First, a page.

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buy bonds

Figuring out how to buy bonds is a deceptively complicated process. Before you make your purchase, it’s important to understand what types of bonds there are, and how much risk and reward each bond carries. Bonds can be a good way to round out a diverse portfolio, but not all bonds are as straightforward and reliable as the ones your grandma gave you for graduation.

We can help you find a financial advisor who meets your individual needs.

How to Buy Bonds

There are a few main ways to buy bonds. However, not all sellers are equal.

  • Through the U.S. Treasury Department. You can buy new Treasury bonds online by visiting Treasury Direct. To set up a Treasury Direct account, you must be 18 or older and legally competent. You will need a valid Social Security Number, a U.S. address and an account at a U.S. bank. The Treasury does not collect fees nor does it mark up the bond’s price.
  • Through a brokerage. Most online brokerages sell Treasury bonds, corporate bonds and municipal bonds. Brokers like Fidelity, Charles Schwab, E*Trade and TD Ameritrade offer extensive bond listings. However, the purchasing process through an online brokerage is nowhere near as straightforward as through Treasury Direct. Bond prices vary from brokerage to brokerage, thanks to transaction fees and markups or markdowns.
  • Through a mutual fund or an exchange-traded fund (ETF). A bond fund is a good option if you don’t have the cash to spend on a diverse array of individual bonds. You often have to buy individual bonds in large, often pricey units. With a bond fund, you can get diversity for a lower cost. However, bond funds don’t have a set maturity like individual bonds, so you may see your interest payments vary and your income is not guaranteed.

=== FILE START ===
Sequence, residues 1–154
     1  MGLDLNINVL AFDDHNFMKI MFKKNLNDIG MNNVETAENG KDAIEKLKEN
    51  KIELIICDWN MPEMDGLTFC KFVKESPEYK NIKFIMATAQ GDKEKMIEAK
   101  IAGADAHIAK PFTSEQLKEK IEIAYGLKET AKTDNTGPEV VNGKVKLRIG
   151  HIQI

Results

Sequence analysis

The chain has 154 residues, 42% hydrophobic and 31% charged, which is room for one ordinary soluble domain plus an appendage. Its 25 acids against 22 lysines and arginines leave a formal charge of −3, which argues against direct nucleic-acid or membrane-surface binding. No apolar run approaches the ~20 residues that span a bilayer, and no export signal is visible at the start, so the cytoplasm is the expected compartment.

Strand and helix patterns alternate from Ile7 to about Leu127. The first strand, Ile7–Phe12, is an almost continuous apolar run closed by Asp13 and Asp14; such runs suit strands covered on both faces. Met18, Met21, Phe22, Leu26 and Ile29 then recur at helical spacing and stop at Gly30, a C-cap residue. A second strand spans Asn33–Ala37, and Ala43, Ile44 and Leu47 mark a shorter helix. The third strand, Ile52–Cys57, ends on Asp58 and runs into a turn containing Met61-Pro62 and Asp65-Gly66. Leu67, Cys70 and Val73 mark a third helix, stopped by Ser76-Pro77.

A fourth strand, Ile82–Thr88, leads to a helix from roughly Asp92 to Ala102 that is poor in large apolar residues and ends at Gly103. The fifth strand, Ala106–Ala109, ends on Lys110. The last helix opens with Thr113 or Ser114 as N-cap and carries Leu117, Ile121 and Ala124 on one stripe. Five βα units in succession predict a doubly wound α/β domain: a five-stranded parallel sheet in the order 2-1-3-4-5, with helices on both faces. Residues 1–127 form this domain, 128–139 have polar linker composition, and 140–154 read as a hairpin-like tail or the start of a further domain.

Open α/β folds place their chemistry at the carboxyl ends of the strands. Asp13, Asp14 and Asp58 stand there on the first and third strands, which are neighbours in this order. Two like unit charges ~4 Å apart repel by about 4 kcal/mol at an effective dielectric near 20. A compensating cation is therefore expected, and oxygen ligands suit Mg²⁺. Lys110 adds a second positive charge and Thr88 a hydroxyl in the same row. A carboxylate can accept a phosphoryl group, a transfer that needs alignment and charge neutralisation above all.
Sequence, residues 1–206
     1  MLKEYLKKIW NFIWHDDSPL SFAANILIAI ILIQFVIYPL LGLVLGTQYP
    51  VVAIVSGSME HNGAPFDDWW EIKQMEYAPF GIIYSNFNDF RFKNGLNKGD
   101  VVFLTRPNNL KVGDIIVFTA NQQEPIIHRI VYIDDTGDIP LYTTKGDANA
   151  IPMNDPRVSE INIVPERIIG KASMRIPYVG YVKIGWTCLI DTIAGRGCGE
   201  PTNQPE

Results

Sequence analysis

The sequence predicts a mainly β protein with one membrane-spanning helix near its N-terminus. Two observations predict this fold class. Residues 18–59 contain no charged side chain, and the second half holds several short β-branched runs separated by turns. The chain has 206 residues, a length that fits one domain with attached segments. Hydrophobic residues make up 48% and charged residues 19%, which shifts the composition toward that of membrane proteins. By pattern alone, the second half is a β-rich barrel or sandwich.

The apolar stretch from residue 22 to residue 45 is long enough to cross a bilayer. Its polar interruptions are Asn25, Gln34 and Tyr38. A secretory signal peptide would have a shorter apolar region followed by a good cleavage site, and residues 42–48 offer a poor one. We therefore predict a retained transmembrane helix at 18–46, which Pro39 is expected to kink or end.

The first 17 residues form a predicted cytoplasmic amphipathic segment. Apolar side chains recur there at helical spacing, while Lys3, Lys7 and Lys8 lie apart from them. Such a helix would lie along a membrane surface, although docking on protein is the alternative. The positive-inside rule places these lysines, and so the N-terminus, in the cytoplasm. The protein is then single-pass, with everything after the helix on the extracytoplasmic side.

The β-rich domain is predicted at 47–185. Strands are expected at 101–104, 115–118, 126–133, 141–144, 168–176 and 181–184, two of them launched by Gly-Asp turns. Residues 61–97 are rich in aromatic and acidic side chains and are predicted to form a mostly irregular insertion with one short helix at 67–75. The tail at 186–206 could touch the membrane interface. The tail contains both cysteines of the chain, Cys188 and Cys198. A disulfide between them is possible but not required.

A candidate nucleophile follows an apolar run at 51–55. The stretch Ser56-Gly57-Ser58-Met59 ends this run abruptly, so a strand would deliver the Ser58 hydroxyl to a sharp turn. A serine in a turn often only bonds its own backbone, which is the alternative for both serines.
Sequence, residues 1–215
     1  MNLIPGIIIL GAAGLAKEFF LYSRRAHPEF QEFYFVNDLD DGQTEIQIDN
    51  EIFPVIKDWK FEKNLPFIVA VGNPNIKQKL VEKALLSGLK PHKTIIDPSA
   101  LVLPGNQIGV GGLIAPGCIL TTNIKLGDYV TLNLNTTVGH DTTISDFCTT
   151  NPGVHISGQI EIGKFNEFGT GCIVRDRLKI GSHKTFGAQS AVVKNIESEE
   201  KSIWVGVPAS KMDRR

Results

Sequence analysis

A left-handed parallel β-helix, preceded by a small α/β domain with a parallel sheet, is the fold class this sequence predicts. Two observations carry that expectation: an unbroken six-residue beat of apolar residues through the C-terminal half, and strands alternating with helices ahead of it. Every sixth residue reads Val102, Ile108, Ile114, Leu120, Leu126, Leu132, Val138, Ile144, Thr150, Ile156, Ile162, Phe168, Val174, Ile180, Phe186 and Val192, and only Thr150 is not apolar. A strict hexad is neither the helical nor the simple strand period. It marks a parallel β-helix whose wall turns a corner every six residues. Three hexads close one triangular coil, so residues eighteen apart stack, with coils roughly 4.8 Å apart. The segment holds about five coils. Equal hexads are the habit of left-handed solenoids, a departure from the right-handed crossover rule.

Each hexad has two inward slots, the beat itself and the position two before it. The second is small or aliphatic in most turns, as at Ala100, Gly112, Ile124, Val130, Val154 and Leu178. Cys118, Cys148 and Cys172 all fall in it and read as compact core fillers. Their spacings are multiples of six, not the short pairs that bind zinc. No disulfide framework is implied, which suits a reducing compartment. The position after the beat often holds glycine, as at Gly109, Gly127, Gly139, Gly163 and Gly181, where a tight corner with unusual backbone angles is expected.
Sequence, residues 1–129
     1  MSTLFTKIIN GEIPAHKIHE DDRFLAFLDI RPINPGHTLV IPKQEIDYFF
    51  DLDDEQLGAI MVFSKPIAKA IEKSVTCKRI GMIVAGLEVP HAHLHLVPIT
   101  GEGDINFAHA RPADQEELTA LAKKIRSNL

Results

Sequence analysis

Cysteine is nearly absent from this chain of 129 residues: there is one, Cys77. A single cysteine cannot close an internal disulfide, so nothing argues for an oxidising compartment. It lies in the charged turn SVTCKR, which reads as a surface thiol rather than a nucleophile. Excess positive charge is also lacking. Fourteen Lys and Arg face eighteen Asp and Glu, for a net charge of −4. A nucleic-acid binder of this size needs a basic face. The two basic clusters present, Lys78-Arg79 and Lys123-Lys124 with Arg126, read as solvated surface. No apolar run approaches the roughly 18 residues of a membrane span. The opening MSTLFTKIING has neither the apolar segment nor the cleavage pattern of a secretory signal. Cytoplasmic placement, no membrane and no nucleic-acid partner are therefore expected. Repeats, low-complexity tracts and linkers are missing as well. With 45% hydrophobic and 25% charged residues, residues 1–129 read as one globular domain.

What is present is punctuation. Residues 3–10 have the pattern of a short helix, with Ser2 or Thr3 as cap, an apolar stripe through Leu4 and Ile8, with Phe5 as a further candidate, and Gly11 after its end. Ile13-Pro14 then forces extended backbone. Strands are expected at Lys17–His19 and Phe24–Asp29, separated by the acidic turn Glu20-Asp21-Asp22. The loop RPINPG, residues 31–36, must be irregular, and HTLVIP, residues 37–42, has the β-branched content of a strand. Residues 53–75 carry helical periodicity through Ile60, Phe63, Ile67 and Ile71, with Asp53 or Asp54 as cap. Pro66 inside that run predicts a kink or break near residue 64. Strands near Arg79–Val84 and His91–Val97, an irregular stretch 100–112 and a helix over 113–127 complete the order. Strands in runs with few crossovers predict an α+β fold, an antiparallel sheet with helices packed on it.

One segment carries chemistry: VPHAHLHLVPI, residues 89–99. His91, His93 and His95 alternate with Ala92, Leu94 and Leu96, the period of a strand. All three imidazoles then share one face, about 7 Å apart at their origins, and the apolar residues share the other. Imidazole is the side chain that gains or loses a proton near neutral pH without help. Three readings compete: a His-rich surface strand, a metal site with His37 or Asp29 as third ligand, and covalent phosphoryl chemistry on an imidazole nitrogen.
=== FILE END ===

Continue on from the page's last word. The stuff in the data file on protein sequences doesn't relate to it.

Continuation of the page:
Who Issues Bonds?

buy bonds

There are several categories of bond issuers, from companies on up to the federal government. How safe a bond is largely depends on who the bond issuer is.

Corporate Bonds

Companies issue corporate bonds. Corporate bonds’ safety varies a lot, depending on the company’s credit ratings. Companies with excellent to low credit ratings issue investment-grade corporate bonds, which have lower interest rates because of the safety of the investment. Companies with lesser credit ratings high-yield bonds, or junk bonds. These bonds have higher interest rates to reflect that riskiness, so if the company makes good on the bond there’s a larger payout.

Agency Bonds

Government-sponsored enterprises like Fannie Mae or Freddie Mac issue agency bonds. Agency bonds aren’t quite as safe as Treasury bonds. However, because the agency bond issuers are guaranteed by the federal government these bonds are generally considered safer than even the safest corporate bonds.

Municipal Bonds

States, cities and local governments issue municipal bonds. The safety of these bonds varies. In some instances, a municipal bond may be insured. In that case, an insurance company will have to make good on the bond if the municipal defaults.

Treasury Bonds

The U.S. Treasury Department issues Treasury bonds. These bonds are the safest of the safe. Treasury bonds pay interest every six months until they mature, which happens in 30-year terms.

What to Look Out for When Buying Bonds

Bond buying can be a tricky process, particularly if you’re buying used bonds or if you aren’t buying a bond directly from the underwriter. To make sure you’re getting a good deal, here are the main things to take note of before buying bonds.

Credit Ratings

The biggest factor to look out for is whether the company can actually pay its bonds. You can figure this out by looking at the credit ratings issued by ratings agencies like Moody’s, Standard and Poor’s and Fitch. The safest rating, assigned to Treasury bonds, is AAA.

Duration